A standoff is taking place between the Greek government and the country’s creditors that could end up with Greece defaulting on its debt, leaving the euro and even the EU itself. This would have very serious consequences both for the Greek people and the European and world economy. What is this leading to?
The country has debts of around €315 billion, the equivalent of 175% of GDP. In early May it has to make payments of €1 billion to the IMF. By the end of June it must make payments of €2.5 billion and in July and August €6.7 billion of bonds held by the ECB mature. On top of this it needs to pay €1.7bn in wages and pensions before the end of April. Time is running out!
Under the second rescue package Greece was expecting to receive a final tranche of €7.2 billion, but this money has been held back as a way of blackmailing the Syriza government into buckling under and giving up on its promises of alleviating austerity for the Greek working people. The money will only be released if Syriza comes up with a package of further cuts, i.e., if it agrees to continue with the austerity measures put in place by the previous government.
The irony of the situation is that even if the government were to successfully get its creditors to release the €7.2 billion euros, this would only buy them time until after the summer. Then the whole drama would open up again, as more payments would become due and more demands would be placed on the government to cut spending and increase revenues.
Between 2010 and 2014 Greece received a total of €254.4 billion euros in the bailout packages. But €40.6 billion of this went to paying interest on the accumulated debt alone. A further €48.2 billion went to the banks on recapitalization. In fact, only 5% of the total amount went into government cash needs. This debt has clearly become unpayable and all serious bourgeois analysts can see that. It is not a question of “if,” but “when” Greece will eventually default.
So far the Syriza leaders have consoled themselves with the idea that “Europe” would never allow such an eventuality to become reality. Earlier this month Tsipras declared the following: “I am convinced that Europe of democratic traditions and the Enlightenment will not give in to the extreme voices of some, will not choose the path of an unethical and brutal financial blackmail but the path of bridging differences, the path of stability and mutual respect, and above all, the path to democracy, for the benefit of our common European future.”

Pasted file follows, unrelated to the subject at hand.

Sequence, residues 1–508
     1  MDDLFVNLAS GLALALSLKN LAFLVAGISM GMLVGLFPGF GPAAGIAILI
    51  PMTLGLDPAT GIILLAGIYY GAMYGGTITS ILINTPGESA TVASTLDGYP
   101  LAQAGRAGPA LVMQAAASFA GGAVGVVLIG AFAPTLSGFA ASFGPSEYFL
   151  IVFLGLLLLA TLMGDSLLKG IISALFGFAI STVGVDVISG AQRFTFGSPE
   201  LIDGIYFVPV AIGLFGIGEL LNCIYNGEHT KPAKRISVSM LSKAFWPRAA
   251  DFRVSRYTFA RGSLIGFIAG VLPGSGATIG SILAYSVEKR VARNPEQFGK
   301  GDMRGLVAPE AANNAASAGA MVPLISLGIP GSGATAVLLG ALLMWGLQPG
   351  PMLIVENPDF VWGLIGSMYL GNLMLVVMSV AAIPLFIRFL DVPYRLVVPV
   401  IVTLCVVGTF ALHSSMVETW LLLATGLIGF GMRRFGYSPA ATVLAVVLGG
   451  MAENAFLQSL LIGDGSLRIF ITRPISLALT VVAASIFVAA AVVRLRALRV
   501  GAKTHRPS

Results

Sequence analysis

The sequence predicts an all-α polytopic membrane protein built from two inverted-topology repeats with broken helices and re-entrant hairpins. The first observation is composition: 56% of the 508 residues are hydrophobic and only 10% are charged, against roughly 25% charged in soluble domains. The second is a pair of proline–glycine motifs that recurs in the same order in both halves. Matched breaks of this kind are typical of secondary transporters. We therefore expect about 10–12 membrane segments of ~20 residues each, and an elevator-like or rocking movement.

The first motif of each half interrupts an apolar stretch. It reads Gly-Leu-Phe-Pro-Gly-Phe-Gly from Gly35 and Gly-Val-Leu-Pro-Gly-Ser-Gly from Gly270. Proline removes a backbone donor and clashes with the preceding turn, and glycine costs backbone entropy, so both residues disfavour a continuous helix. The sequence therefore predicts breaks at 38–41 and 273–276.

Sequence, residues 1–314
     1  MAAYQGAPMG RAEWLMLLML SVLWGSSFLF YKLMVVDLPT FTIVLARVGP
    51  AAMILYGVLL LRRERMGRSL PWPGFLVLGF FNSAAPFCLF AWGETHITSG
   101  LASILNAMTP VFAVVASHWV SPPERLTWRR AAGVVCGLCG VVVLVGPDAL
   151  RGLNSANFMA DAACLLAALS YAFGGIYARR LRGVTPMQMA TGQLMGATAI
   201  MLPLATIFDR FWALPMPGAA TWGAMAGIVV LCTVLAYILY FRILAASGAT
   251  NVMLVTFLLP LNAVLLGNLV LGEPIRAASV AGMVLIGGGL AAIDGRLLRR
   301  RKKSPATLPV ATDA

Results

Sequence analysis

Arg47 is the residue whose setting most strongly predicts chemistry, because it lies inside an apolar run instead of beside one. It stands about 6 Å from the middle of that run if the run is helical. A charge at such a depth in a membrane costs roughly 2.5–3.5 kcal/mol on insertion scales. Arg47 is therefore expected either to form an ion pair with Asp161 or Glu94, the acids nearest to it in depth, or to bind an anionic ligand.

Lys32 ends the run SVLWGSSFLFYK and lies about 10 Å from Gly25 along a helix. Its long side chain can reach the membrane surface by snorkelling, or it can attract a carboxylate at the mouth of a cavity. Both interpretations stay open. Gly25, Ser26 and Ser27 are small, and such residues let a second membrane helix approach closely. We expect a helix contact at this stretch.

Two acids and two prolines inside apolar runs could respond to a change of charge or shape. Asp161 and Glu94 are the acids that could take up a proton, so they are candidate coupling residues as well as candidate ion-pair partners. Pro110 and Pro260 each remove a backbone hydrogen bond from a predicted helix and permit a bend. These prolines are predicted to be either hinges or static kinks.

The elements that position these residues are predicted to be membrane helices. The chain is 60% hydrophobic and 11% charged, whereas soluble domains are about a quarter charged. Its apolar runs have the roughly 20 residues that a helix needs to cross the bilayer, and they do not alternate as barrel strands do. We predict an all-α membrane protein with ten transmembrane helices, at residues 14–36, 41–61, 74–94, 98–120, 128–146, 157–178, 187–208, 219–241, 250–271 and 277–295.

This is in line with the illusions of Tsipras’s finance minister, Varoufakis, that it is possible to appeal to the rationality of at least a section of the bourgeoisie. This ignores completely what drives the capitalists, the quest for profit. European finance capital has put a lot of money into Greece and it wants to see a return on its investment. If it becomes abundantly clear that their money is lost and cannot be recovered, then at some point they will decide to cut their losses and run.
What has held them back from doing this so far has been the fear of contagion and the potential for a Greek default to become a European-wide crisis, both economically and politically. But that section of the capitalist class, especially in Germany, that is convinced of the need to let Greece sink is growing.
“Everything must be done to prevent” Greece from running out of money, Angel Merkel, the German Chancellor, said last week. “On the German side, we are prepared to provide all the support that is asked of us. But of course, reforms must be done,” she added. [Our emphasis.] The German government is standing firm in its insistence that the Syriza government must abandon all promises of ending austerity. In particular they are insisting on further deregulation of the labor market and more cuts in pensions.
Tsipras is desperately hoping for some kind of compromise, and in one of his latest TV interviews he has stated that he believes an interim deal will be in place by May 9. “I believe we are close. I believe that if no one wants to undermine or torpedo [the talks] we are close to an accepted package,” and added that there would be concessions on the part of the Greek government, such as the partial privatization of the port of Piraeus and the leasing of 14 regional airports.
The recent reshuffle in the Greek negotiating team with the replacement of Varoufakis for Tsakalotos should be seen in this light. Tsakalotos is not only a man the capitalists describe as “soft-spoken” (meaning “amenable to compromise”), but also comes from the inner core of Syriza itself (as opposed to Varoufakis who is not a party member), and he would be better positioned to attempt to convince the party ranks of any compromise.